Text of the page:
This is by far the most important part of lawn care.
Mowing the lawn regularly prevents the grass from growing too tall. Grass has to grow, and if it can’t grow upwards it will be forced to grow sideways, creating new shoot and new grass leaves. This is what creates a thick, dense, lush lawn.
If you cut the grass every 6 weeks with a rusty old lawnmower you’ll have patchy grass that goes brown every time you cut it. This is the type of environment that weeds thrive in.
So cut the grass at least every 10 days between April and September.
Read: How to Mow the Lawn Like a Pro: Everything You mowShould Know About Grass Cutting
Remove Excess Thatch by Scarifying
Lawn thatch is a layer of dead and living organic material that lies between the grass and soil. It consists of old and new grass roots as well as other stuff.
Some thatch is a good thing because it protects the crown of the grass plant. Too much, on the other hand, will prevent water, air and nutrients from penetrating the soil. When these nutrients can’t penetrate the soil, the roots of the grass can’t absorb them so are unable to produce food and grow.
And where grass can’t grow, weeds take over.
Scarification is the process of removing excess thatch (usually in the autumn) which opens the soil up so air, water and nutrients can penetrate it and the grass can consume them and grow strong.
Read: Lawn Scarification: Why, When and How to Scarify Your Lawn (The Ultimate Guide)
Also Read: Choosing the Right Scarifier: My Top Picks and Buyers Guide
Relieve Soil Compaction by Aerating
Compacted soil means nutrient-deficient soil.
Soil compaction occurs when the lawn is used often. This might be the kids playing on it or the dog using it to do their business or using a certain part of the lawn regularly. Goalposts, washing lines or where the postman walks to get to your front door are all good examples.
The particles of soil beneath the grass get pressed together over time which squeezes out air and water. It also prevents air, water and other nutrients from getting into the soil so the grass can’t consume them, produce food and grow.
Again, the result is a patchy lawn, sometimes with complete bald spots of hard soil.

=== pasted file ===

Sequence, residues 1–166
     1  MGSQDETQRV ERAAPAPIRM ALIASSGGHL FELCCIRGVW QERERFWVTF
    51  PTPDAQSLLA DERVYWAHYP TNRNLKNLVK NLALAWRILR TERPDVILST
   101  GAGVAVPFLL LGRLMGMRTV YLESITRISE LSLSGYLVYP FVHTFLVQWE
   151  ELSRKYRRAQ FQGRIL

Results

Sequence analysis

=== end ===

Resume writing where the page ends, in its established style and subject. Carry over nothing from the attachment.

Weeds love this kind of environment!
Aeration involves either spiking the surface of the lawn (in the spring) or removing cores of turf via hollow-tining (in the autumn).
This creates space in the soil to allow water, oxygen and nutrients to penetrate. It also relaxes the soil, making it easier for roots to grow and establish themselves, resulting in a healthy lawn full of healthy grass.
Read: Lawn Aeration: Everything You Need to Know About Aerating Your Lawn (The Ultimate Guide)
Fertilise Your Lawn at Least Once a Year
Grass consumes nutrients from the soil and uses them to produce food and grow. Primarily Nitrogen, Potassium and Phosphate.
Every time you cut the grass you take some of these nutrients away. So, it’s a good idea to top them back up every so often.
You can buy all kinds of fertilisers which can be applied at different times of the year. The type of lawn you have and your willingness to spend time and money will dictate what type and how often you fertilise your lawn.
That said, apply a good quality, slow-release fertiliser at least once a year. It won’t break the bank, it’s easy to do and your lawn will look a lot better than if you didn’t.
Read: Lawn Fertiliser: What, Why, When and How to Feed Your Lawn
Also Read: Lawn Feed Reviews: The Best Products From the Biggest Brands
Now It’s Up to You
Thistles are very simple to kill and remove but as I have said, that’s not even half the battle.
Lawn weeds are usually a symptom of other problems like excess lawn thatch, compacted, nutrient-deficient soil and infrequent mowing.
If you fix these issues (and it’s not difficult, just a bit of basic knowledge and the willingness to actually do it) your lawn will be healthier than it ever has been and you’ll be rewarded with a patch of grass that looks spectacular.